If your vehicle runs over a chicken or a goat on a Bihar road and you happen to hail from outside, be prepared to shell out anything between Rs 5,000 and Rs 25,000!
That is a warning many well-meaning development and health officials, who have suffered it first-hand, will give you.
"I was on my way to Saharsa from Patna and was stuck in a bad traffic jam in the middle," Umesh Gupta, who works with an international development organisation in Saharsa, told IANS.
"After an hour, the traffic started moving. As my driver revved up the car, it hit a goat and the animal died. Immediately, the goat's owner stopped the vehicle and demanded Rs 16,000 from me."
Gupta, who is from Delhi, initially did not take the demand seriously but was soon surrounded by a group of people.
"I was all alone and some seven to eight people surrounded me. I tried to bargain but they were not ready. I gave them the Rs 5,000 I had. As for the remaining amount they insisted on taking my gold chain, gold ring and mobile phone - I had to get give it to get out of there safely," said Gupta, who is now extra cautious while driving on Bihar roads.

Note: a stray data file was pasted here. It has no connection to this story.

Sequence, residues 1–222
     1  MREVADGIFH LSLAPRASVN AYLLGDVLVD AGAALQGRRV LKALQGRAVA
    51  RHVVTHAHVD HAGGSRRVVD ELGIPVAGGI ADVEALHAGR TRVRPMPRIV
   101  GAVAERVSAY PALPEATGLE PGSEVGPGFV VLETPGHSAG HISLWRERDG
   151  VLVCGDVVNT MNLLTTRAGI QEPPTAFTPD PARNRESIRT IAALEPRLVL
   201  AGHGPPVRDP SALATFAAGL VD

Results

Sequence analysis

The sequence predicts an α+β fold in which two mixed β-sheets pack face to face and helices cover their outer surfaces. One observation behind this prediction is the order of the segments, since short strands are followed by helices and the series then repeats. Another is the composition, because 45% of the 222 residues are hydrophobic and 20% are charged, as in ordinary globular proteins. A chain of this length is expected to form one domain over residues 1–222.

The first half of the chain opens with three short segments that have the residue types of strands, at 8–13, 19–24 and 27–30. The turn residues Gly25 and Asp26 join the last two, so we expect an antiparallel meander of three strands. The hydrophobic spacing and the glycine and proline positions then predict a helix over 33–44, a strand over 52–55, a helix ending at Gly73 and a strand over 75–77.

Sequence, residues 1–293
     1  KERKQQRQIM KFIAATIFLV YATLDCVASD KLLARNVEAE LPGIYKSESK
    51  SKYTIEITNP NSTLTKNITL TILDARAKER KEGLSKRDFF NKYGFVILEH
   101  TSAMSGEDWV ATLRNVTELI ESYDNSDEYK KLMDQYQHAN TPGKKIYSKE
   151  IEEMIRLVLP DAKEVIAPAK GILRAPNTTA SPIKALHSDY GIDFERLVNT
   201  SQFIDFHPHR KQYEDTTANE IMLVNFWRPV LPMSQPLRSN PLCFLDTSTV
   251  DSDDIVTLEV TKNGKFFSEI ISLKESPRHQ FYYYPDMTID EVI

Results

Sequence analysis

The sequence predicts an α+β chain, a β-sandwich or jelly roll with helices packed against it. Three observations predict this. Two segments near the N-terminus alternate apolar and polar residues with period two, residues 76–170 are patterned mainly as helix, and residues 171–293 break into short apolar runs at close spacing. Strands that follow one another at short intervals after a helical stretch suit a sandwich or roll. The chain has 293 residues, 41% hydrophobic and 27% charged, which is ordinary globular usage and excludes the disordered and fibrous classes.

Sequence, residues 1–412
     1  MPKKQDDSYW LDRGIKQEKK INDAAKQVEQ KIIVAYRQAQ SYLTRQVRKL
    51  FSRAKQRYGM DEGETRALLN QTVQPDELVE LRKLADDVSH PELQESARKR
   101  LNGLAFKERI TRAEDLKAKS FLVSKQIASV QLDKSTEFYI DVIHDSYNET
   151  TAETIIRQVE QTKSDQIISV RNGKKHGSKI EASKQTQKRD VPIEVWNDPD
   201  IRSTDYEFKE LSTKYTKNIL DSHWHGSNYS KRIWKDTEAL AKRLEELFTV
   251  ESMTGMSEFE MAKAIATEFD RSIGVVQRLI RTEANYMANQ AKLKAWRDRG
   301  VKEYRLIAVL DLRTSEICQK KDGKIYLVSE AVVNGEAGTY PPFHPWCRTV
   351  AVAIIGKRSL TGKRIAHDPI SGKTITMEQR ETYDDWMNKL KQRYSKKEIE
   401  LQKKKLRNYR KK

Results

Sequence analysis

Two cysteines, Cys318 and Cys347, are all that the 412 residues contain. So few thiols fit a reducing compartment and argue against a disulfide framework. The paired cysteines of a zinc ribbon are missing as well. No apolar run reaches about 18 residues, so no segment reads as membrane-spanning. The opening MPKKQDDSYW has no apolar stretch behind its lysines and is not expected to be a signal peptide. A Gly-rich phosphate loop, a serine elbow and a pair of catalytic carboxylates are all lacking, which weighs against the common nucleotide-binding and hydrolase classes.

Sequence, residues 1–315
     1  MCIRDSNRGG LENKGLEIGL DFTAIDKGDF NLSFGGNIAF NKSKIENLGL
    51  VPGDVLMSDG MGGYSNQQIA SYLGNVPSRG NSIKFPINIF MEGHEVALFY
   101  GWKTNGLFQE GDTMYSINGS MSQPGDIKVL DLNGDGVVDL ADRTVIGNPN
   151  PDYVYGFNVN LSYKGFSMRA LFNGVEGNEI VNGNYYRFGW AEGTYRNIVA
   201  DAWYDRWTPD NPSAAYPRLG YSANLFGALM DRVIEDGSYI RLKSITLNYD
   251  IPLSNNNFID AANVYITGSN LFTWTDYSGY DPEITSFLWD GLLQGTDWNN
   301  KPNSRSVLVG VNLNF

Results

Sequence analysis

Gupta, however, managed to get back the money and jewellery as some people working under him were from the same village.
Rajat Singh, a doctor who works with an international health organisation and often travels to the state's interiors for work, was not so lucky.
"I had to give Rs 7,000 to a villager as my car ran over a chicken in Begusarai village a few months back. You just cannot do anything as they start threatening you and the money is nothing when your life is at stake," said Singh.
"They justify the huge amounts demanded. For instance, they told me the dead chicken would have given birth to many chicken and in turn those would have produced more...the cycle goes on."
Singh said it was an easy way of making money from outsiders as there is no one to check it.
"They demand the money based on the car your drive, the kind of clothes you wear and the language you speak. But such cases are rarely reported to police as people don't want to get into unnecessary trouble," he said.